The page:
Advice To My 2013 Self


I’m a little bit behind on this 28-day Imperfect Blogging Challenge–three days to be exact. But it’s better late than never. That’s what I think about when I recall where I was this time last year and match it up to where I am now. There have definitely been some major changes, some scary changes, but I am confident those changes were necessary, even if they seem foolish and risky.


I’d been working at my job for two years, had graduated to a new position that previous fall and I was already thinking of what would be next. Bored. Unmotivated. And wishing my life away by the day, trying to convince Friday to come early every week. I remember that I was always planning to do something. I planned to get serious about writing professionally. After purchasing a domain and joining Twitter, I planned to start posting blogs. I planned to submit a short story I wrote and enter it into a writing contest. I planned to resume writing a book. But I did very little of what I set out to do.

I spent a lot of time saying I didn’t have time and the rest of that time worrying about what would happen if tried to do what I wanted.  I saw the blogs of more established, successful bloggers whose sites were more visually appealing than mine. I had no idea what I was doing while they seemed really comfortable forging a digital footprint that clearly displayed who they were. Frankly, I was intimidated and my progress was snail-slow.


Sometimes I get annoyed with giving advice because you can talk ’til the cows come home, but if that person doesn’t possess an ounce of self-awareness or is just flat out not receptive, then it’s all in vain. And quite honestly some of the stuff I would tell my 2013 self would’ve likely fallen on deaf ears. In fact, other people gave me some of the advice I would offer my 2013 self now, but I didn’t act until I was ready.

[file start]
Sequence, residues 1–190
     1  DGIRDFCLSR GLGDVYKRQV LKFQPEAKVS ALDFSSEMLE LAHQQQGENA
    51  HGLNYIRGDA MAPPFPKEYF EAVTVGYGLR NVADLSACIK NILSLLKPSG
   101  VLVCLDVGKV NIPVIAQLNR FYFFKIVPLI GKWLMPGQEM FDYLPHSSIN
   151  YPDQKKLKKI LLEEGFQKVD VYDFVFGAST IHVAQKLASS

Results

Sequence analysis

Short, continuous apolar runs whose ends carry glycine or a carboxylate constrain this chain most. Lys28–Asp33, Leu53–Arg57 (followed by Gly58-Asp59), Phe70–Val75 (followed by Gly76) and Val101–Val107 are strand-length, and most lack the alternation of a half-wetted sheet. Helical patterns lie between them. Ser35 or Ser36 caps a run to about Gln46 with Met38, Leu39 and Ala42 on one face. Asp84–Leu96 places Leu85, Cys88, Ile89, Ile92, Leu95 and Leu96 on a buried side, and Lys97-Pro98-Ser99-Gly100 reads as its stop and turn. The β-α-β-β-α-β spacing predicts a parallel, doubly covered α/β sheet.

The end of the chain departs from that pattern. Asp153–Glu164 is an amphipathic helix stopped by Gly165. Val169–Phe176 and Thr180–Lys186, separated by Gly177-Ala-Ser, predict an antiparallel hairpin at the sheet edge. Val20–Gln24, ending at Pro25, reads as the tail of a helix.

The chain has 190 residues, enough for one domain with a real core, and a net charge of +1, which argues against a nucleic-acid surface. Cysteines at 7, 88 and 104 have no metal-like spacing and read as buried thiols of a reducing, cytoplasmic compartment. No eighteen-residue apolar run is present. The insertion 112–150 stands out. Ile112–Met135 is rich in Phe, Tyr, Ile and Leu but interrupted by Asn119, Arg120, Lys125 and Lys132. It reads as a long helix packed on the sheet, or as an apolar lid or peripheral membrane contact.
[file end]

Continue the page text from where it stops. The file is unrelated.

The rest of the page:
So for that reason, the only worthwhile advice I could offer my 2013 self is to focus and commit to writing.  Don’t devote any time to the bullshit that’s happening at work, especially if it doesn’t involve you. Who effin’ cares? Take that same energy you expend on work drama, feeling slighted and seeking validation from the higher ups, and dedicate it to something that matters to you. Set small goals for yourself and stay on track to accomplish them. Meanwhile, write freely and realize that the art of written expression is a gift and a craft to be honed. Eff what everyone else is writing, or how they’re writing. Just. Do. You. You’re enough.

I hesitate to offer myself too much advice not only because I’m not sure it would’ve been impactful, but had I accepted and acted on it, who knows how it would’ve altered my future? I’m a firm believer that we are where we belong, and we belong where we are. A combination of time and experience have imprinted my mind, body and spirit with a unique set of tools to deal with the present-day challenges I face and the opportunities I’ve been granted. The 2013 me simply was not equipped for the here and now. It’s like giving car keys to a toddler. They have the keys to drive, but lack the skill to operate the vehicle. Any sensible person could see that a 2-year-old has quite a bit of growing up to do before they can drive safely and effectively.

These days, instead of spending time complaining about how I never have time to write, I’ve done more writing in the past month than I have in a long time. I’ve paid more attention to posting on my site and learning more about what I’m getting myself into. I have bylines and a couple of really helpful, encouraging blog friends. Therapy is helping me realize how self-perception affects a LOT of things in my life, such as my marriage and career. That discovery is helping me build a new perspective, one based on positivity instead of self-destructive thoughts that someone long ago convinced me were the truth.

Despite my general weariness of offering advice, I couldn’t leave my 2013 self without telling her to seek what she wants from life in the same way she’d cook a meal: Think only of what you want to eat, and don’t change the recipe to suit someone else’s preference. Finally, make sure whatever you prepare fills you up inside.








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